6. The application must be supported by an affidavit by at least one person to whom the person is well known and containing such facts and information that are within the deponent’s own knowledge concerning the person's mental condition. (8)
7. The application must further be supported by two medico legal reports by medical practitioners of which one must be either a psychiatrist or psychologist who conducted recent examinations of the person to ascertain and report regarding his or her mental condition. The medico legal reports must also contain details of the mental disorder, the duration thereof and the probable possibility of recovery. The medical practitioners must reach the conclusion that the person is incapable of managing his or her own affairs. (9)
8. The Court will then consider the reports of the curator ad litem and the application itself and if satisfied that the person is unable to manage his or her own affairs will appoint a curator bonis.
9. Once a curator is appointed he takes control of the person's financial means and sees to it that the person's financial affairs are taken care of. (10) In practice, this means that he must investigate the total means of the person, and administrate the affairs of the person with due regard to his or her life expectancy. In most instances, this would entail liquidating sufficient assets for the person's immediate financial requirements and the investment on the medium to long term of such funds as may be necessary for future maintenance and costs.
10. The curator is obliged to file with the Master of the High Court on an annual basis a liquidation and distribution account of the financial affairs of the person and to report to the Master thereon.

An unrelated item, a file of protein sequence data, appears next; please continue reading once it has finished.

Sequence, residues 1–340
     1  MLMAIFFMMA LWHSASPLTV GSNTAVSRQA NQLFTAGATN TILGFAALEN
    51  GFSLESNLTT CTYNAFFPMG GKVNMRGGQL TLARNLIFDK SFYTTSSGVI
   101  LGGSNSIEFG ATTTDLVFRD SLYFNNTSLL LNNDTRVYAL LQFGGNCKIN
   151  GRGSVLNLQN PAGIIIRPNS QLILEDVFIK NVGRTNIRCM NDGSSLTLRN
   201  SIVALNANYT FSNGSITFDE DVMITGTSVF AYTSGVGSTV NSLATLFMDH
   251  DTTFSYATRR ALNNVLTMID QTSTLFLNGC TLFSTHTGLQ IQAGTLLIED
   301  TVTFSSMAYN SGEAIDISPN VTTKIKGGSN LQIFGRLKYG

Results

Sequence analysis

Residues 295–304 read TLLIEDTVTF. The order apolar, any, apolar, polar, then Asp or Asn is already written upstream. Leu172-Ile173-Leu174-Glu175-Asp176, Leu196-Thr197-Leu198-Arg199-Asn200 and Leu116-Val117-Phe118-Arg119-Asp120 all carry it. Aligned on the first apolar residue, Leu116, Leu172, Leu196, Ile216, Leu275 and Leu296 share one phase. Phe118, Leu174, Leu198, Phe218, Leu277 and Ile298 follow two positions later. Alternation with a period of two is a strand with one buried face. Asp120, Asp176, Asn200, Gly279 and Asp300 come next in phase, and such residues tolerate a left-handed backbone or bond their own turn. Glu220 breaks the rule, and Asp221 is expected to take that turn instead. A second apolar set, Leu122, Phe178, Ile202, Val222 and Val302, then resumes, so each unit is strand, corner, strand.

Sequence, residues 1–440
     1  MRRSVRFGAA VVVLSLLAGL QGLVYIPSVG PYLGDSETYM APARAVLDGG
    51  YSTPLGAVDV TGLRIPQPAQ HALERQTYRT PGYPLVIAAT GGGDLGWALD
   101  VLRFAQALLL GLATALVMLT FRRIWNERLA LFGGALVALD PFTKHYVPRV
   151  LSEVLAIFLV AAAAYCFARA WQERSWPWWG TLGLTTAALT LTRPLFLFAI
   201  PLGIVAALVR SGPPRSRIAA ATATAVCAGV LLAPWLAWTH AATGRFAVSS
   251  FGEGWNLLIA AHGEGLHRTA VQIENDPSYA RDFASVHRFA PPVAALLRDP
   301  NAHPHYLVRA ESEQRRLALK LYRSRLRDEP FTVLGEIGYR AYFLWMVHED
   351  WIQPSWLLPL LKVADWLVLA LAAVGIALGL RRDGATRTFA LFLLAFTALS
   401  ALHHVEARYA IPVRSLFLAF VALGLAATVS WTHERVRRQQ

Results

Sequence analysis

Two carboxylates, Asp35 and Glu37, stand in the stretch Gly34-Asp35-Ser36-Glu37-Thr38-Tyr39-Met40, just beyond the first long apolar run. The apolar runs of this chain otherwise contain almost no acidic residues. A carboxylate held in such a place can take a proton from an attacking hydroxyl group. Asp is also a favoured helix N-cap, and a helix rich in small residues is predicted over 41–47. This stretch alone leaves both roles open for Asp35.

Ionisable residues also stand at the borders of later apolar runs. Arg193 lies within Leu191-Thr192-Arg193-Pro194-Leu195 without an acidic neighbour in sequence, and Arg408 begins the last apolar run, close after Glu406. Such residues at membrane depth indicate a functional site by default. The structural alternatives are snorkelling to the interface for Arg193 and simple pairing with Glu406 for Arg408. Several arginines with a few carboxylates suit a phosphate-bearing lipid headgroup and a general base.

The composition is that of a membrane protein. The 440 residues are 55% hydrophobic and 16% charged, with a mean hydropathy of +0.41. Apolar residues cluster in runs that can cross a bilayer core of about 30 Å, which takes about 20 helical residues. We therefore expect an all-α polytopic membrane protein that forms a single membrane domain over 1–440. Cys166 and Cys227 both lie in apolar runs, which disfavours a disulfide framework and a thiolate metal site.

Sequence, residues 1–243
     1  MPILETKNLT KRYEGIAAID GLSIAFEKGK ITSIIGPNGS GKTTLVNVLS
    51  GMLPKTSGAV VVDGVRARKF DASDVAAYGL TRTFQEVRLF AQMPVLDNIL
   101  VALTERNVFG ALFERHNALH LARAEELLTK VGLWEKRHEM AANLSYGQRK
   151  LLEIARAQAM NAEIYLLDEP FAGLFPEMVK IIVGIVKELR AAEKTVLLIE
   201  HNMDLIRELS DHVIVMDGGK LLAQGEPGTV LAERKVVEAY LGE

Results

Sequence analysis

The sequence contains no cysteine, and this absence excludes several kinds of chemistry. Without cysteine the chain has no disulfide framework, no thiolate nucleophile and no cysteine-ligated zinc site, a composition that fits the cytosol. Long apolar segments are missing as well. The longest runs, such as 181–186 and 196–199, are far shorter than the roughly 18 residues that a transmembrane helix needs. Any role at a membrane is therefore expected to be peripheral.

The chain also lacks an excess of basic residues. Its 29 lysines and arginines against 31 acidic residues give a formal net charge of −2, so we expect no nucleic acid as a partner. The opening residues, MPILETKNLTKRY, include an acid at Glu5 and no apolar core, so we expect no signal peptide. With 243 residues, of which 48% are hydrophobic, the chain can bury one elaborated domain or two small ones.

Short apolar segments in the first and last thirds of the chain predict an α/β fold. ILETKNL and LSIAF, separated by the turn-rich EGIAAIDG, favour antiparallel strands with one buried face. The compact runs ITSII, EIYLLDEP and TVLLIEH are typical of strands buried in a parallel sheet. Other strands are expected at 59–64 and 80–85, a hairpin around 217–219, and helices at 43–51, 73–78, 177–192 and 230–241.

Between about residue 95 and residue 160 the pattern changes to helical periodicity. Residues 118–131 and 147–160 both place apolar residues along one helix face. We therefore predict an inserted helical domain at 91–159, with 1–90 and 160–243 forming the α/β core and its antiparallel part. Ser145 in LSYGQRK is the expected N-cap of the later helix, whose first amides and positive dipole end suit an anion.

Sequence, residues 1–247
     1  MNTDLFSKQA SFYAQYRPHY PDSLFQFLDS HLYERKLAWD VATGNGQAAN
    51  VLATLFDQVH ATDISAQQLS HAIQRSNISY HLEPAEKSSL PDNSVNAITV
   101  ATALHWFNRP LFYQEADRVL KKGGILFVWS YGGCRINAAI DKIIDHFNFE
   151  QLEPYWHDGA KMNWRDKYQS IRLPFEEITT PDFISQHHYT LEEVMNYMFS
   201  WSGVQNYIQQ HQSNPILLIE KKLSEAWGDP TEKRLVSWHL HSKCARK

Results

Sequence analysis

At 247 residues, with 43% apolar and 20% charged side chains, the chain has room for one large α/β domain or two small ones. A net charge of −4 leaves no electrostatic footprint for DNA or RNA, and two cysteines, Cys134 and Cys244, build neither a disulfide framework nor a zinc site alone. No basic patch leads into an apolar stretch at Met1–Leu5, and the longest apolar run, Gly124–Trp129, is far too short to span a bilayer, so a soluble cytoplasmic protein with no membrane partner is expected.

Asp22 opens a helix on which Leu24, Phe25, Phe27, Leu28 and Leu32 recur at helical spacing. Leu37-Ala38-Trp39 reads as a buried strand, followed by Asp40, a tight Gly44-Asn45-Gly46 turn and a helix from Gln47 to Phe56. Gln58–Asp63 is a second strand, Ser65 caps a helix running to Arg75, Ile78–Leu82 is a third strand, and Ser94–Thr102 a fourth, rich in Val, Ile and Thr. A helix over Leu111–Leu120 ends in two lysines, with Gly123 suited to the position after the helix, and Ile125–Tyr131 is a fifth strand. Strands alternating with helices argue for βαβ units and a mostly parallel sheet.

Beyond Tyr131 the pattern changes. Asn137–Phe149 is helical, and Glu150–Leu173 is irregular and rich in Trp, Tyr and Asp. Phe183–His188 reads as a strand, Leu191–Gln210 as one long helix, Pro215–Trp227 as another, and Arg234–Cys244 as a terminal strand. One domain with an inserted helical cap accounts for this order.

11. The curator bonis is usually a professional such as an attorney because they must have fidelity fund insurance to protect the person against any theft of monies that has been entrusted to the curator bonis.
12. The curator bonis is entitled to a fixed fee in terms of a will or written document or fees prescribed by Regulation promulgated in terms of the Administrating of Estates Act 66 of 1965 and is based on a percentage of the gross value or the assets and the income received during the period of the curatorship. (11) For further information or if you wish to proceed with the eviction process, contact BSM Attorneys a law firm in Brackenfell, Cape Town at 021 981 7230 or by email at email@example.com. Disclaimer This article is for general information purposes only. Whilst care has been taken to ensure the accuracy thereof, the content provided is not intended to stand alone as legal advice. Always consult a qualified attorney on any specific legal problem or matter.
1. Section 1 Mental Health Act 17 of 2002. 2. See fn (n1) above. 3. Administration of Estates Act 66 of 1965. 4. See Rule 57 of the Uniform Court Rules. 5. NOTE: The function of the curator ad litem who is usually an advocate, is to investigate the matter by conducting an interview with the person who must be informed of the purpose and nature of the application. This requirement may be dispensed with if, after having consulted with a medical practitioner, the curator ad litem is satisfied that it would be detrimental to the person's health should such an interview be conducted. 6. See Rule 57(4). NOTE: This procedure has been followed when the estate was a small one with the patient has consented to the order and the court was satisfied that no further evidence could be obtained if the usual procedure were followed. Also see Ex parte Twycross 1936 EDL 389; Ex parte Hughes 1940 EDL 36. 7. See Rule 57(2) which deals with the Ex Parte Application. 8. See Rule 57(3) 9. See fn (n8) above 10. See Rule 57(13) 11. See section 84(1) of the Administration of Estates Act 66 of 1965